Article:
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Buchla 100 clones: 158, 180, 140, 156, 106, etc. DEMOS
MUFF WIGGLER Forum Index -> Music Tech DIY Goto page Previous  1, 2, 3 ... 23, 24, 25, 26, 27, 28  Next [all]
Author Buchla 100 clones: 158, 180, 140, 156, 106, etc. DEMOS
Leverkusen
sines wrote:
I want sequence to skip a note without emitting a pulse or voltage for that step, but continue in time. Which is how the Korg SQ-1 functions to some degree.

Any ideas?


I guess the thing is that the SQ-1 is digital and implementing the same behaviour with analogue electronics is a little complicated. Therefore most analogue sequencers have either a Skip functionality which just skips the step or a Gate Off functionality to prevent outputting a gate signal. For the latter carefully dialing in the CV and/or envelope release time is important to prevent ghost notes. I don't know of an analogue sequencer that can hold a note over a 'skipped' step.

You probably could implement a circuit that switches the gate output off when a step is active, but holding the CV then would need some kind of sample and hold circuit. Otherwise you would need a circuit that counts through a row of step but on the Off-step pretend that it is still on the step before - except this was switched to Off too. That's not as simple as it seems for a human to conceptualize.

What you could do is either sequencing your clock source (140) with a second row of the sequencer to get individual length for each step. Or you could take the individual gate outs, combine them and just leave the ones out you want to be set to Off - though I don't know if you would need an OR-combiner or if it is allowed to just add them via patch cables on the Bucha 100 as you would do with e.g. Make Noise or Verbos modules.

Then here is an idea about modifying your SQ-1 for banana use: http://www.auxren.com/2017/12/how-to-bananafy-korg-sq-1.html
sines
Leverkusen wrote:
sines wrote:
I want sequence to skip a note without emitting a pulse or voltage for that step, but continue in time. Which is how the Korg SQ-1 functions to some degree.

Any ideas?


I guess the thing is that the SQ-1 is digital and implementing the same behaviour with analogue electronics is a little complicated. Therefore most analogue sequencers have either a Skip functionality which just skips the step or a Gate Off functionality to prevent outputting a gate signal. For the latter carefully dialing in the CV and/or envelope release time is important to prevent ghost notes. I don't know of an analogue sequencer that can hold a note over a 'skipped' step.


Sadly, you are correct.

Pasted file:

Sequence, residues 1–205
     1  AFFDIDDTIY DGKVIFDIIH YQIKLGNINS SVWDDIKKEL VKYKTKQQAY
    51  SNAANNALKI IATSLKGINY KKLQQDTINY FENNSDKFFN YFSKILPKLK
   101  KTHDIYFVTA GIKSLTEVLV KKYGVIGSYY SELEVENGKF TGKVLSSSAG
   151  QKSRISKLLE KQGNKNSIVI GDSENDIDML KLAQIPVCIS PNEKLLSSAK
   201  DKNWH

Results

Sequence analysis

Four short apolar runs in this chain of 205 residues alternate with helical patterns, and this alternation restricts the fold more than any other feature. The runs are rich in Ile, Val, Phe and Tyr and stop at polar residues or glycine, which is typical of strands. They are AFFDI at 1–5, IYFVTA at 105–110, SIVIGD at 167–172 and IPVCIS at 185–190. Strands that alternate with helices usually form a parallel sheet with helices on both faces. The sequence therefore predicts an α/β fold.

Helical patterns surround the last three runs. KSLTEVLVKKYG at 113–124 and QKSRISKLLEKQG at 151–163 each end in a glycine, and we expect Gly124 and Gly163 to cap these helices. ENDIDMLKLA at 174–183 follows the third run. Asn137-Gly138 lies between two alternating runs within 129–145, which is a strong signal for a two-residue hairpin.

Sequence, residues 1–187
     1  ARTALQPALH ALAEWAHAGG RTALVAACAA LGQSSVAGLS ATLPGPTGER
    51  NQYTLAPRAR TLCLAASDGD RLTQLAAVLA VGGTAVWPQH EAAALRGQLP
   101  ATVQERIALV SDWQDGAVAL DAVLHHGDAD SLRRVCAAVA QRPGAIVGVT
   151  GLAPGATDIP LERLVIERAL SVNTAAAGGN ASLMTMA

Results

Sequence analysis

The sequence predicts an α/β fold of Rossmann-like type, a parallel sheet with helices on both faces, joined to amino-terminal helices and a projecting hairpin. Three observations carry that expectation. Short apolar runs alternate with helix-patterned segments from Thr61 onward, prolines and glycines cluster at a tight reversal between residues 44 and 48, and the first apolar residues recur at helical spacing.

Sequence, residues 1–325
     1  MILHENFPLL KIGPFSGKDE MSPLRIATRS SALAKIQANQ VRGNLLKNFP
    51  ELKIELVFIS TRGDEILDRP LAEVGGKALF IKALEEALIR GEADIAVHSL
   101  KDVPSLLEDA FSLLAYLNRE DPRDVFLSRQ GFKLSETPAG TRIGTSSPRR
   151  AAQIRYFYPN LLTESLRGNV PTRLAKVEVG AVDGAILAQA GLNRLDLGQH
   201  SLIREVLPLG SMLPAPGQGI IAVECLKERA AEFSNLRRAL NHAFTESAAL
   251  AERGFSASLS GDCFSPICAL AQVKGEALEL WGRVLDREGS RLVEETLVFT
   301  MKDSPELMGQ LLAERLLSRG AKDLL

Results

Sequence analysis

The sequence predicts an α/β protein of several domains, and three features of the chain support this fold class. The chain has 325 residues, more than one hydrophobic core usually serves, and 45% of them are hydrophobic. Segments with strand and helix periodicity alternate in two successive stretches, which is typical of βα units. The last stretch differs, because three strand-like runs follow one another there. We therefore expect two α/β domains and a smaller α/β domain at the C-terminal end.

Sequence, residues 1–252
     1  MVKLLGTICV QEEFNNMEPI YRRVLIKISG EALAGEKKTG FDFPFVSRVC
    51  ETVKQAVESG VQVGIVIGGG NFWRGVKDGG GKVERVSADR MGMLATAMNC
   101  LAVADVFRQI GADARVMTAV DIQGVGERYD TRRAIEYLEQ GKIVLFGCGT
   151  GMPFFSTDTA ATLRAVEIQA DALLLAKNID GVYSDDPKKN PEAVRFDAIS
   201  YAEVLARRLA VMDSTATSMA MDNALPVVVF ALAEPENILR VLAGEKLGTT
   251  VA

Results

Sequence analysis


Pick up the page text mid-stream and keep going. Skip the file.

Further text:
Leverkusen wrote:

You probably could implement a circuit that switches the gate output off when a step is active, but holding the CV then would need some kind of sample and hold circuit. Otherwise you would need a circuit that counts through a row of step but on the Off-step pretend that it is still on the step before - except this was switched to Off too. That's not as simple as it seems for a human to conceptualize.


This is completely outside my wheelhouse for modifications at this point. smile

Leverkusen wrote:

What you could do is either sequencing your clock source (140) with a second row of the sequencer to get individual length for each step. Or you could take the individual gate outs, combine them and just leave the ones out you want to be set to Off - though I don't know if you would need an OR-combiner or if it is allowed to just add them via patch cables on the Buchla 100 as you would do with e.g. Make Noise or Verbos modules.


Without reading your response I stumbled upon this last night. I stacked the 2+5 stages from the pulse outs from the 123 to a Quad Low Pass Gate 292C, so it would give me a pulse only on 2 + 5, etc. This is what I'm searching for, but it's not all that "playable". Before I modify the 123, I could feed all of the pulse outs into a series of ON/OFF switches, then merge those collective outputs into 1 single Pulse out that would feed the LPG. Therefore I could just select which of the 8 the pulses I want to trigger the LPG.

Thinking on how I would modify the internals of the 123, I could route the Pulse outs to the input of each switch, then chain the outputs of each switch to a "selective" pulse out sad banana so that my output would just be a selection of engaged pulses. But the LEDs would need to be driven by the selected pulse out, not the master pulse input, so I'd have to drill another 8 holes for the "active/inactive Pulse" LED/switch combo or make a smaller series of LEDs for the current stage [like a tempo light].

Either way requires some work but I think this could work without any "circuitry", but rather wiring all of the pulse outs to the input of the switch, the output of the switches gets bussed to 1 master pulse out, and the LEDs are driven from the pulse out of the ... switch—LED anode to switched pulse out, cathode to ground? Is it really that simple? I am doubting myself.

Leverkusen wrote:

Then here is an idea about modifying your SQ-1 for banana use: http://www.auxren.com/2017/12/how-to-bananafy-korg-sq-1.html


Given the incredibly low cost of the SQ-1, this might be the more sane option wink
diophantine
I got my 191 assembled, and the switch correctly controls the LED! hihi

I got the HP section mostly calibrated... it doesn't seem to fully close, and it sounds a bit "scratchy" around 10-11:00, but that might be interference from something where I'm working. (It isn't the pot, because at certain positions the trimpot causes it, too.) But I only worked on it for a short while.

But I'm having difficulty with calibrating the LP section. I'm just working on pole 1 right now. I can confirm that the signal is getting into the circuit (I see it at the top of R18), but the amplitude at R12 is very low even at the best settings of R14. (Input saw = ~4Vpp, signal at R12 is ~.3Vpp.) And the DC offset is quite high, around 4V.